Smaller Pill Packs a Priority for FDA

President Donald Trump is planning on signing bipartisan bill H.R. 6 into law next week. When this happens, the new legislation will be going into effect the week of October 22, according to Scott Gottlieb, the FDA commissioner, who recently spoke at a Politico event. The first thing his agency wants to tackle? Creating smaller pill packaging for opioids, in hopes that it will prevent people from abusing their prescriptions for acute pain.

The legislation affects Purdue Pharma, Johnson & Johnson, and other large opioid manufacturers. It will force them to create new packaging for the drug to accommodate small quantities. The provision is an effort to prevent excess pills from being prescribed. With this policy, doctors may prescribe more limited amounts of pills. This could also prevent people from keeping leftover opioids around.

“The first thing that we’re …

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Early Marijuana Use Linked to Prescription Drug Abuse

For decades, drug authorities have described marijuana as a gateway drug that can lead to abuse of more serious drugs. Although the theory has often been ridiculed, a new study conducted by researchers at Yale School of Medicine is lending credence to marijuana’s role in prescription drug abuse.

The study, which has been published online in the Journal of Adolescent Health, found that teenagers who drink alcohol or smoke cigarettes or marijuana are two to three times more likely to abuse prescription drugs as young adults, with the most-abused drugs being opioid painkillers like OxyContin, Vicodin and Percocet.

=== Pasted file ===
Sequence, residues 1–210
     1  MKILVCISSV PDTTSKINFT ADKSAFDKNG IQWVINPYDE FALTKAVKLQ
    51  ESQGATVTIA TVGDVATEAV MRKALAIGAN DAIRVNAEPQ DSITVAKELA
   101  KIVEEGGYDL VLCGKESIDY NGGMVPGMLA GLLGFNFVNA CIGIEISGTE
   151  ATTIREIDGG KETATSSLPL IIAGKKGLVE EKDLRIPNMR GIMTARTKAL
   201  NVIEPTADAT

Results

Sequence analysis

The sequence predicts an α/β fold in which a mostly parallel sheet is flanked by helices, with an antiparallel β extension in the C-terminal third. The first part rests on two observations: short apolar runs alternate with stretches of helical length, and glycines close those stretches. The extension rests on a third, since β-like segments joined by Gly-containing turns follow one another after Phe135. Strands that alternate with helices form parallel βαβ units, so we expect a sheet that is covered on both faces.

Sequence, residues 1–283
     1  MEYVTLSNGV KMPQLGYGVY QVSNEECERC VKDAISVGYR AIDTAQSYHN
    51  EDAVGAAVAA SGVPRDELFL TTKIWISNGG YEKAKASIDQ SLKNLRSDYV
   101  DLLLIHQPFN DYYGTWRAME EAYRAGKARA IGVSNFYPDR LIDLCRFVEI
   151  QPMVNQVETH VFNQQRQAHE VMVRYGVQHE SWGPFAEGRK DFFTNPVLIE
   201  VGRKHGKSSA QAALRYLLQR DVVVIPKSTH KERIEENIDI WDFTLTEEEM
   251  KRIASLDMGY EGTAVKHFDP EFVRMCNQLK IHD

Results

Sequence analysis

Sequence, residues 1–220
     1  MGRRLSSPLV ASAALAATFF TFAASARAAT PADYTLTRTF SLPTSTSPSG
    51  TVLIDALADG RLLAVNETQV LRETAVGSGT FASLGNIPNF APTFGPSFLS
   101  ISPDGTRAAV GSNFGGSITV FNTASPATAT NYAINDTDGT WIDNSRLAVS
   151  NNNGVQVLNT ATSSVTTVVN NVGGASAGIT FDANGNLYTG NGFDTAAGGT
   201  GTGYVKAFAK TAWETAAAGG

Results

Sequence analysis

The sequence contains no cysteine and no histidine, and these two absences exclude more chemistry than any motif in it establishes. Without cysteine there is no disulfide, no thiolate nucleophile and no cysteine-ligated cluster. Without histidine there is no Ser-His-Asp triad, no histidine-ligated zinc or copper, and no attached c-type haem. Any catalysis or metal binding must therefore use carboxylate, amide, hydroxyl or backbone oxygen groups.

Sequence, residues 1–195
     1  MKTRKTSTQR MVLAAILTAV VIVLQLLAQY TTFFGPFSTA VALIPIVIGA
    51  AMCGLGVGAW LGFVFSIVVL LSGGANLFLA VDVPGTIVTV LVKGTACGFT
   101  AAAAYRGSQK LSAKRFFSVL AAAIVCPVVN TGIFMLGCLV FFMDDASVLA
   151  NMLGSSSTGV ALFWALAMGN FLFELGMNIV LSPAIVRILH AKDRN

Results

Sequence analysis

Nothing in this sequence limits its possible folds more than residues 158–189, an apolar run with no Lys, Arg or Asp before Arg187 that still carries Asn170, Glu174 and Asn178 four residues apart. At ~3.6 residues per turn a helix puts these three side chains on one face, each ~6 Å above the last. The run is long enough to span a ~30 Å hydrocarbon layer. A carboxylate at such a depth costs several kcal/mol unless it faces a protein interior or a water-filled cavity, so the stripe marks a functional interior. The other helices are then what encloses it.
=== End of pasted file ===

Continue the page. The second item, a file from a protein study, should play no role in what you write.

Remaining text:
According to Dr. Lynn Fiellin, Yale associate professor and lead author of the study, previous studies have focused on the link between marijuana and illicit drugs like cocaine and heroin. This is one of the first studies to examine the connection between …

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Opana Overtaking OxyContin as Most Abused Painkiller

Fort Wayne, Indiana, a medium-sized city of 200,000, has experienced more than a dozen pharmacy robberies since the beginning of 2012. In almost every case, the robbers were after a powerful prescription painkiller named Opana. Less well-known than OxyContin, Opana is the brand name for oxymorphone. Like OxyContin, Opana is an opiate medication that carries a high risk of abuse, dependency and overdose. Unlike OxyContin, Opana is still available in an extended-release formula that appeals to abusers who are seeking a more intense high. According to drug enforcement experts, the rising popularity of Opana can be attributed to a change made to OxyContin that makes pills harder to crush for snorting or dissolve for injecting. Individuals who are addicted to prescription drugs have a tendency to adapt according the drug availability and many are now turning to Opana to feed…
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